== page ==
I started this project in 1985, so its been 25 years in the making.I did a six month work placement with Manpower Services Commission in Sheffield, UK. I was reading Psychology at Brunel , B.Sc. (hons). We developed the first touch sensitive computer system to access job information on a national scale. (FÁS have got one). I installed the first system in Bournemouth. Tested it for three days, interviewed users, wrote a report and we were all very pleased. Of course Icons per say werent really invented then, let alone Micons . Um, sorta didn’t have The Internet either….. Interestingly it was a bunch of psychologists who developed this system. Just waiting for a touch screen now, but thats Only Hardware.
This is my Global Warming Micon. It is Moving, but so do animated Gifs. Whats different is that it delivers a message. Perhaps we have to change the idea of the M = Moving. Perhaps a better definition is M = Message. So I Micon is a Message icon…I designed this. If you look at the message itself. It has a picture of the Earth then a series of nature images. But images have an impact but look at the moving message. The lizard in the desert (dersertification) zooms into his eye, the fish zooms in, the turtle zooms in . They are appealing to you “Looking at you right in the eye” Nature is sending you a message. The Tiger, its their year, looks at a child, what kind of planet are preparing for our children? The wise Tiger looks at the child “What are your parents doing to us?” What is happening to our Earth? Its getting Warmer Every millisecond. ITS ON FIRE! Interact with The Earth Clock, do this by clicking on the year then month then week then NOW and watch it for a minute:
See? So how powerful is the Micon? Then my Birthday Micon delivers a text message.There is also perhaps another definition. Not Moving Icon nor Message Icon but maybe MOVIE Icon. Of course the commercial implications are temendous with these MEDIA Icons. Toyota showing their cars with a message, Sony, Guinness, Drink Awareness, etc etc Everybody will want a Micon…you get my drift. I give you Micons and Only Micons because you dont really need text.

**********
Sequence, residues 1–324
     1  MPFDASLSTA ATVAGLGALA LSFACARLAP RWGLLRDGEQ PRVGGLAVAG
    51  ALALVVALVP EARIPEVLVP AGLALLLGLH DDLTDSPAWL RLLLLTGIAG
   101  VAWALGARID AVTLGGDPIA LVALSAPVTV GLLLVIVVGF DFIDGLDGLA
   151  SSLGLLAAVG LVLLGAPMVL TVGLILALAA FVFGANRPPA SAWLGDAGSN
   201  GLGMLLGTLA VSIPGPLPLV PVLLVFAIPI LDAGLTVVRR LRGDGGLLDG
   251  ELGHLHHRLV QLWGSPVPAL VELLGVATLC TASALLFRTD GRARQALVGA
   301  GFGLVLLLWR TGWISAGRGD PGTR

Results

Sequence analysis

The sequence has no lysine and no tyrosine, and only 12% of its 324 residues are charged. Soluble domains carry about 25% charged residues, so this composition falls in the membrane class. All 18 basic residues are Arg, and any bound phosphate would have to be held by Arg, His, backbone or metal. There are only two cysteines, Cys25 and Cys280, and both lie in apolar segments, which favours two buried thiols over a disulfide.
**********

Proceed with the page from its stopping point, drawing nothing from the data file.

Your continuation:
Flat Fact :
Hyperland is a 50 minute long documentary film about hypertext and surrounding technologies written by Douglas Adams and produced by BBC Two in 1990. It stars Douglas Adams as a computer user and Tom Baker, with whom Adams already had worked on Doctor Who, as a software agent.
The self proclaimed “fantasy documentary” begins with a shot of Adams asleep by the fire side with his television still on. In a dream, Adams, fed up by game shows, commercial and generally non-interactive linear content, takes his TV to a garbage dump, where he meets Tom, played by Tom Baker, a software agent that shows him the future of TV: Interactive Multimedia.
Much like Apple Computer’s Knowledge Navigator concept, Tom acts as a butler within a virtual space populated with hypertext, sound, pictures and movies represented by animated icons. The documentary is centered on Adams browsing these media and discovering their interconnectedness, leading him for example from the topic Atlantic Ocean to literature about the sea to The Rime of the Ancient Mariner by Samuel Taylor Coleridge to the poem Kubla Khan by the same author to Xanadu and back to the topic of hypertext via Ted Nelson’s Project Xanadu.
Many aspects of the documentary show Adams’ love for Apple computers. In the beginning a Macintosh Portable can be spotted and most of the projects presented run on Apple Hardware. Even the general design of the animated icons featured in the dream is inspired by Mac OS icons.
While Adams is browsing, many people and projects related to the general theme of hypertext and multimedia are presented:
- Vannevar Bush and his Memex concept of a theoretical proto-hypertext computer system are shown.
- Ted Nelson explains hypertext and Project Xanadu.
- Hans Peter Brøndmo talks about the concept of animated icons.
- Robert Winter talks about an interactive version of Beethoven’s 9th Symphony.
- This idea from Kurt Vonnegut’s book Palm Sunday is presented: stories have shapes that can be drawn on graph paper.
- Robert Abel shows his multimedia version of Picasso’s Guernica.
- Apple Multimedia Lab employees Steve Gano, Kristee Kreitman, Kristina Hooper, Michael Naimark and Fabrice Florin talk about a multimedial version of Life Story, a BBC TV film dramatisation of the 1953 discovery of the structure of DNA.
- Amanda Goodenough presents Inigo Gets Out, an interactive story for kids implemented with Hypercard.
- Brad deGraf and Michael Wahrman talk about their digital puppet Mike Normal.
- A NASA Ames Research Center scientist presents a Virtual Reality Helmet prototype called Cyberiad.
- Marc Canter makes an appearance as an animated icon but isn’t “clicked” by Adams, so the audience does not get to see his interview.
The dream (and the documentary) ends with a vision of how information is accessed in 2005, that bears some resemblance to virtual reality scenes seen in the film The Lawnmower Man. , two years after Hyperland was produced. It can be argued that, apart from that graphical representation, the documentary draws a quite accurate vision of hypertext and how it is used today, especially considering that it predates the first Web browser.